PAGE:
Bisnoi Village in Jodhpur – Preserving Nature at Own Terms
Around 22 km from the Jodhpur city, The Bishnoi village is famous for Bishnoi tribes and various kinds of safaris. The residents of Bishnoi village are worshippers of Mother Nature and known for excellent block-printing work and skilled shepherds as well. The locals here abide by an Eco-friendly sect of Hinduism.
Located near Jodhpur, Bishnoi village is slightly away from the limelight and thus lies off the beaten path. This creates curiosity in the minds of tourists. Our article is all about this amazing Bishnoi village of Rajasthan. We hope that it will boost your knowledge about culture and tradition of Bishnoi village.
History of Bishnoi Village
Born in 1451, Guru Jambheshwar was the founder of Bishnoi village in Rajasthan. He was known to be an incarnation of Lord Vishnu or Bishnu and thus the place for its name Bishnoi. The establishment of this sect happened after devastating results of continuous conflicts between the Hindus who resided here and Muslims, who were trying to invade. Guru Jambheshwar laid down 29 rules and principles for his followers, which also is another reason of the community’s name. 20 in Hindi is called ‘bees’ and ‘noi’ is nine and thus, Bisnoi.
The main law for the Bishnoi’s was the conservation of trees and animals from complete abolish due to ill practices of hurting the environment. At the time of his death, he declared that the locals must save black buck as the animal is his manifestation. Today, this religion of nature worship is around 500 years old and is followed by more than 10 lakh people.
Culture of Bishnoi Village
- Bishnoi villagers are known to be the worshipers of Lord Vishnu as their founder, Guru Jambeshwar was known to be his incarnation.
- They are nature lovers. The locals of Bishnoi village are known to be protectors of nature, both animal and plant species. If we see, in the main sense, nature too is their religion as directed by their Guru. The villagers save the entire ecosystem existing in the village.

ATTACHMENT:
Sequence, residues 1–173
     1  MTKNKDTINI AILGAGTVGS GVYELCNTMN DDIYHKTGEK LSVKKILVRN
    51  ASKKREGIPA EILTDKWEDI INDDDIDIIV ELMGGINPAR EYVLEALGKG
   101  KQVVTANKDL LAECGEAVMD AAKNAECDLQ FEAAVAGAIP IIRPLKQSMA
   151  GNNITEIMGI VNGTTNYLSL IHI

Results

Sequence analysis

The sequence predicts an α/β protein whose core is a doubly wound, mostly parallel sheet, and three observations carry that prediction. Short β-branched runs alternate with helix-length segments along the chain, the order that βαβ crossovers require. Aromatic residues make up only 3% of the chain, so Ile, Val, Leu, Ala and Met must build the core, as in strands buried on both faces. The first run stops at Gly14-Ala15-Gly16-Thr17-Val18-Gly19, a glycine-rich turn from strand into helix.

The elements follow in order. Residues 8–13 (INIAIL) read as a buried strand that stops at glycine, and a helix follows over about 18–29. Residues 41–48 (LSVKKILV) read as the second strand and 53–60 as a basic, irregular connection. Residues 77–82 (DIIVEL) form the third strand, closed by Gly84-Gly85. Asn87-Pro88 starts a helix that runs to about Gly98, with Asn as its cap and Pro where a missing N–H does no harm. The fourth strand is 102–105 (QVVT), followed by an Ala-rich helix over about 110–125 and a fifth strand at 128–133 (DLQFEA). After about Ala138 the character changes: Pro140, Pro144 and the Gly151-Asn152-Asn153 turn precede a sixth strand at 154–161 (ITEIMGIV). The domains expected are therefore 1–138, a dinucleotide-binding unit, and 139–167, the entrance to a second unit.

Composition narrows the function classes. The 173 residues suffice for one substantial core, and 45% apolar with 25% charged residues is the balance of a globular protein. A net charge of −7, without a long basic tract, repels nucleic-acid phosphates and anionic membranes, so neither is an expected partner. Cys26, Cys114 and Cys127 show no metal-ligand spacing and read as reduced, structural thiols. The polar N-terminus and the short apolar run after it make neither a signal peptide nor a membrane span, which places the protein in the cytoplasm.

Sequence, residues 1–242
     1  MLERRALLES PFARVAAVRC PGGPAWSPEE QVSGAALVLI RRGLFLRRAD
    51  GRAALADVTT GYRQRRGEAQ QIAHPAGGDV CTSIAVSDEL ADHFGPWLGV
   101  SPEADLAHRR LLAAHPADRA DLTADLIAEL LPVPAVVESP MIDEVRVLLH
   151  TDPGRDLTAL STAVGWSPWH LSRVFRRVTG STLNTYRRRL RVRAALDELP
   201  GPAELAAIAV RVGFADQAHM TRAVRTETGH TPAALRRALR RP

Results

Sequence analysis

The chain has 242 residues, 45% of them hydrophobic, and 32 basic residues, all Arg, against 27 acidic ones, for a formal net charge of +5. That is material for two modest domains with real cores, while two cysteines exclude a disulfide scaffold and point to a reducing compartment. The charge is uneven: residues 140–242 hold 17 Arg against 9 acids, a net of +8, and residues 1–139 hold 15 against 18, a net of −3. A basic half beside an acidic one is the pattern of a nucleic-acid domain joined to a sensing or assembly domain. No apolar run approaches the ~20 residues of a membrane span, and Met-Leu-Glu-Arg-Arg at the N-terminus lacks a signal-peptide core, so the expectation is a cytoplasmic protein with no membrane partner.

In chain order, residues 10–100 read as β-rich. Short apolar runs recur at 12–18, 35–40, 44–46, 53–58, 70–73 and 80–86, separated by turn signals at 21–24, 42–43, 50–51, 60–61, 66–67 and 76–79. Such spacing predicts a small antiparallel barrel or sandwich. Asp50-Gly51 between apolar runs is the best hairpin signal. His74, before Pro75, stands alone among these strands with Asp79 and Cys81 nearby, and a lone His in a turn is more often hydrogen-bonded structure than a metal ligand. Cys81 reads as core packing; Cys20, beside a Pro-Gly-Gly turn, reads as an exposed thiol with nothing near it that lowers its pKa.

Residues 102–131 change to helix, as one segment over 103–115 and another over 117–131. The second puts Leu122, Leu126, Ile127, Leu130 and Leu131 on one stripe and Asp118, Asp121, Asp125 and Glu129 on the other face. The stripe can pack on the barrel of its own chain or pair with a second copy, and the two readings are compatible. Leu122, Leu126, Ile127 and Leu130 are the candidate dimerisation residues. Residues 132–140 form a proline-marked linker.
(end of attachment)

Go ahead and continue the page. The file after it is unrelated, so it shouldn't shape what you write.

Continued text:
- The clothes of the people are fit to tolerate the hot weather. The men wear traditional white colored dhoti, white kurta/shirt and huge colorful turbans. Pada, pothdi, puthia and odhni are a part of the costumer of unmarried girls. Married Bishnoi ladies wear odhni, ghaghra, kanchli, kurti and dhabla. One main distinct feature of married ladies is large circular-shaped nose rings, which looks very pretty.
- The food of Bishnois constitutes of pure vegetarian dishes.
- The locals stay in tiny group of hamlets known as Dhanni. The huts have thatched roofs and the flooring is made from mud, which is then coated with cow dung for avoiding the growth of vermin. Houses are kept extremely neat and tidy by the villagers. Special granaries are made for protecting crops and other supplies from monsoon rains. Sumps are also made near every hamlet for storing water.
- Crops: The main crop grown here is bajra or pearl millet, which is done in the monsoon season. Opium is also grown here but for religious purposes.
Type of Attractions at Bishnoi Village
Both, full day and half day village safaris are offered in the Bishnoi villages. Hop into a jeep and enjoy exploring this land:
- Khejarli: This an important Bishnoi village, which is known to be historically important. One of the main attractions here is an old temple, dedicated to the Bishnoi sect’s founder, Guru Jambheshwar. Animals like deer, blackbuck, peacocks, neel gai etc. can be seen roaming freely here and there. The Bishnois are so protective and committed towards saving the animals and trees that they are known to get extremely aggressive if they see any danger. The most popular example of this event was the event in 1730 when over 300 villagers had given their lives to save the local sacred Khejari trees.